Dual language materials: Providing translations of some aspects of a task will allow learners to clarify meaning and take a more active role in learning. Some dual language teaching resources are available on Twinkl for example. Mantra Lingua and World Stories are both excellent sources of dual language books, too. Dual language glossaries are available from websites such as Hounslow Language Service and EAL Highland, and these might be useful to share with families. Similarly, using Google Sheets is a very efficient and increasingly reliable tool. Including translations of concepts as well as key words in any glossaries will act as a reference aid for content as well as language.

Explicitly teach vocabulary: Ideas for teaching new vocabulary (see resources), including how to make good use of a learner’s literacy in their home language(s), are well documented. For example, learners might be encouraged to use their home languages in Frayer diagrams.

Image: Designua/Shutterstock.com


Use visuals to reinforce understanding: Many aspects of the humanities subjects lend themselves to good adaptive teaching. There is an endless supply of visual material – photographs, maps, timelines, posters, videos, opportunities for speakers and school trips.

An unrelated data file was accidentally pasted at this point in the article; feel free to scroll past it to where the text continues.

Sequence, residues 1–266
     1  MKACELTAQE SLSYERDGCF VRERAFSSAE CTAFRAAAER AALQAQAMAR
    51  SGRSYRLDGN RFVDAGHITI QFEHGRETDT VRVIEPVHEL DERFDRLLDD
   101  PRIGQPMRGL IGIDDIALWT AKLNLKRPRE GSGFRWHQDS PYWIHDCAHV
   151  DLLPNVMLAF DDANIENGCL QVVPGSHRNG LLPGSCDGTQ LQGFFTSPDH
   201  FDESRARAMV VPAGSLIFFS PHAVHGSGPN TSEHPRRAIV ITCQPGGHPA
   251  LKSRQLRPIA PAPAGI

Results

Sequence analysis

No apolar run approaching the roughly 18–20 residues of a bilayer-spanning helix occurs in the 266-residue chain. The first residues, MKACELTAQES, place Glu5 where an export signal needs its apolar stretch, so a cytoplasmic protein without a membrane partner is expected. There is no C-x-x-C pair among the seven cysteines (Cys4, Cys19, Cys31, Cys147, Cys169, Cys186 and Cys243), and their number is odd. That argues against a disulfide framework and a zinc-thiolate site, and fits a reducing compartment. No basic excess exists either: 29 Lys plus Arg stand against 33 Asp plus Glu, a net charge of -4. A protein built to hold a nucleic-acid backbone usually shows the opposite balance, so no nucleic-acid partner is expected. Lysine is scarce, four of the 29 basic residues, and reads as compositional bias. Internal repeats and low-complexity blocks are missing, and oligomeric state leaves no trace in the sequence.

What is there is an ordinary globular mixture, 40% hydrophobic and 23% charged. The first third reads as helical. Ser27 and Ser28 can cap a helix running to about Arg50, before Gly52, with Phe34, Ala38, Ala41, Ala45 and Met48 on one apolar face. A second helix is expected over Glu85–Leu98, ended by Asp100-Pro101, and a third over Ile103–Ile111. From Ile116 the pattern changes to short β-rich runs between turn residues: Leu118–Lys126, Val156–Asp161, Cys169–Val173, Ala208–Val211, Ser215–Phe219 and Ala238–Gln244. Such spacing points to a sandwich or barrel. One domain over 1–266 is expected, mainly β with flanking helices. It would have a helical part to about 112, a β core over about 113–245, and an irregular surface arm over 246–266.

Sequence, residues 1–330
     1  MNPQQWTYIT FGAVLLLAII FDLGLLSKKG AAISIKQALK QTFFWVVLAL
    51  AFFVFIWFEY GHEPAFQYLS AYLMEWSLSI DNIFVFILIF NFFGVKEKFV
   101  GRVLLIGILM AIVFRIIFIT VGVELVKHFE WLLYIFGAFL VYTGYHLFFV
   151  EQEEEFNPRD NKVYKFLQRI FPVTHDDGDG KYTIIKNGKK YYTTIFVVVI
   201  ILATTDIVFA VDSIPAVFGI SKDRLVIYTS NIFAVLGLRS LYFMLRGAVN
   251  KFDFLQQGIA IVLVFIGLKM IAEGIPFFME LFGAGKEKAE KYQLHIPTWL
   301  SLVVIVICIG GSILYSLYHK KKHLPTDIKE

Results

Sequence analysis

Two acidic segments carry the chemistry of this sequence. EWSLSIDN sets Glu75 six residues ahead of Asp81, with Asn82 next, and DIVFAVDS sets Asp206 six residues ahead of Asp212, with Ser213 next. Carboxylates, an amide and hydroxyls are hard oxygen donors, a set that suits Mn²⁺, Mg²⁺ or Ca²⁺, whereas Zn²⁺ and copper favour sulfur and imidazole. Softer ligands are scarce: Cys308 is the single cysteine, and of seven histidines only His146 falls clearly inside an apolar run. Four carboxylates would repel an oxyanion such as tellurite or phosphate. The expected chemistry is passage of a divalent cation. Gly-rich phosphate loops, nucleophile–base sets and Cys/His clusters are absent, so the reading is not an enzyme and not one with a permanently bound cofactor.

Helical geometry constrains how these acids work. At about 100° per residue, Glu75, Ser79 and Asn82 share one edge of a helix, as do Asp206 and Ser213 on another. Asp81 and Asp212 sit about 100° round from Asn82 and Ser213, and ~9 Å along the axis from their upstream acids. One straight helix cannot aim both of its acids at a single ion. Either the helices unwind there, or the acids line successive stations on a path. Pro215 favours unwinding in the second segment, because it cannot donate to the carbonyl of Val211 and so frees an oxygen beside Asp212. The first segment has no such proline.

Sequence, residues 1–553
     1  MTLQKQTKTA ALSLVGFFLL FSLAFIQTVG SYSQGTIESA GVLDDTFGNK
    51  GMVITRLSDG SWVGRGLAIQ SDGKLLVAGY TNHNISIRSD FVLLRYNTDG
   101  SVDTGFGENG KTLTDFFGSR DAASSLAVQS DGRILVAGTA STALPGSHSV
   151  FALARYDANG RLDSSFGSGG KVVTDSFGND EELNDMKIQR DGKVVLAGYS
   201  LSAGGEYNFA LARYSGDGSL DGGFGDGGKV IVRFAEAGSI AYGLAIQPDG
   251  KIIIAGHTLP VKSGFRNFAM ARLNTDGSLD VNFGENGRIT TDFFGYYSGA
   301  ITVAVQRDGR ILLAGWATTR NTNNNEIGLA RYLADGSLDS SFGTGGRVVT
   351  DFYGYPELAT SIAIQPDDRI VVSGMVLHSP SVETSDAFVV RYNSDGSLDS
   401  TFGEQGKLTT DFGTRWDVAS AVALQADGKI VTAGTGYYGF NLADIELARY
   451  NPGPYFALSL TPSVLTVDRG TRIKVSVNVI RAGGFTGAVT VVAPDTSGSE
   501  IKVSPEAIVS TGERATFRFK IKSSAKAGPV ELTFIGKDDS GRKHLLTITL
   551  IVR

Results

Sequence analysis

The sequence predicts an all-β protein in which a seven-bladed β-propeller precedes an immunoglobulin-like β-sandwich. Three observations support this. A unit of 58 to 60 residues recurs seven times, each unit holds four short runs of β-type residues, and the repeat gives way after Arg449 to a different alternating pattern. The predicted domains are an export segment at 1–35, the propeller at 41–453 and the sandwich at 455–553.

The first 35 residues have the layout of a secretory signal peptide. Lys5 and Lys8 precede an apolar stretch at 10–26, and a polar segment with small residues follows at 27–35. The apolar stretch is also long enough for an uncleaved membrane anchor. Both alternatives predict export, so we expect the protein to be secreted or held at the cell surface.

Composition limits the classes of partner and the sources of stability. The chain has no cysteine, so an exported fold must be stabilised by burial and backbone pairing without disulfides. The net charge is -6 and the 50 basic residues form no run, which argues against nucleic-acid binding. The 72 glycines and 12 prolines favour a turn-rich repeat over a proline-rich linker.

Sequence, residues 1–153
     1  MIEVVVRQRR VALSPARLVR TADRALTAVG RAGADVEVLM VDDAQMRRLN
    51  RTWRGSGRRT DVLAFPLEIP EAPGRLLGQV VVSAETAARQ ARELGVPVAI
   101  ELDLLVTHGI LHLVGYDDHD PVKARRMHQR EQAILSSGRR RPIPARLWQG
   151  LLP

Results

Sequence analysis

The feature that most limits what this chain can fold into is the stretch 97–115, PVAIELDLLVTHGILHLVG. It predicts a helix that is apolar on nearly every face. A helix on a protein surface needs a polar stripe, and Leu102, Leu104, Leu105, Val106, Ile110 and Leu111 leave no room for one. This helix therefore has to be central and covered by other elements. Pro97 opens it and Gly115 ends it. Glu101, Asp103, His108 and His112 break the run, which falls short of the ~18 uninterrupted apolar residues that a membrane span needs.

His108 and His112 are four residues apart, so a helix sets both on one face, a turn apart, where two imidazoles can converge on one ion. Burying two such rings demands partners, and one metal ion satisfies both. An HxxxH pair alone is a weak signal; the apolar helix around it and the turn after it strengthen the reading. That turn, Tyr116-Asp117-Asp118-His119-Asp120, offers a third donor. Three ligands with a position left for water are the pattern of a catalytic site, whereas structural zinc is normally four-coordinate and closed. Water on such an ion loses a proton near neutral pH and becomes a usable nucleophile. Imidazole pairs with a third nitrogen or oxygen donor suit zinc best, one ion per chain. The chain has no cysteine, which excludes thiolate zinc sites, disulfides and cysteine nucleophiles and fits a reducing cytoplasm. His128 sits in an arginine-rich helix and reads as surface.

Communicative activities: Since producing the target language requires much deeper processing, activities such as barrier games (see resources) are a good way to consolidate understanding of new concepts/vocabulary.

Scaffolding (see resources): Barrier games with speaking frames or word banks will enable learners who are new to English to ask and answer questions in order to gather the missing information. Rather than adapting the curriculum content, we scaffold the language to increase access to the same content as peers. The key is providing the right amount of scaffolding – too little support and the learner is frustrated, too much support and the learner is bored. And either way, they make no progress.


Deconstruction and modelling

Disciplinary literacy is central to impactful subject teaching. Using modelling, explanations and scaffolds as the building blocks to gradually develop the skills to tackle a demanding text or a new style of writing will reduce the cognitive workload and allow learners to lay solid foundations for their learning.